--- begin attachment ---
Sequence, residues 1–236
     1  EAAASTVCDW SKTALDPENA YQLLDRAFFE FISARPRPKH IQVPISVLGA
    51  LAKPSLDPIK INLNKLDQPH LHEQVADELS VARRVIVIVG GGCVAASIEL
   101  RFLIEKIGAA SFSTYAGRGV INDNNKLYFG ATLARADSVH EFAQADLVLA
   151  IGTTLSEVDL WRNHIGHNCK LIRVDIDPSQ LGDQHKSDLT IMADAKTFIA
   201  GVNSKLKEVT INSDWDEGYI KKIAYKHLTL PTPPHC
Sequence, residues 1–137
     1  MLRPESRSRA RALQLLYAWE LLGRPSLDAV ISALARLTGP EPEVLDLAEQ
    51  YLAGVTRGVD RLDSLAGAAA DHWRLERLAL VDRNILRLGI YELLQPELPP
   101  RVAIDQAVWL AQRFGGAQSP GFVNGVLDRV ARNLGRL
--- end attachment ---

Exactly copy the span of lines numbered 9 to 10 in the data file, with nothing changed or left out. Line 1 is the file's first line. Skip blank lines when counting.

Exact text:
    51  YLAGVTRGVD RLDSLAGAAA DHWRLERLAL VDRNILRLGI YELLQPELPP
   101  RVAIDQAVWL AQRFGGAQSP GFVNGVLDRV ARNLGRL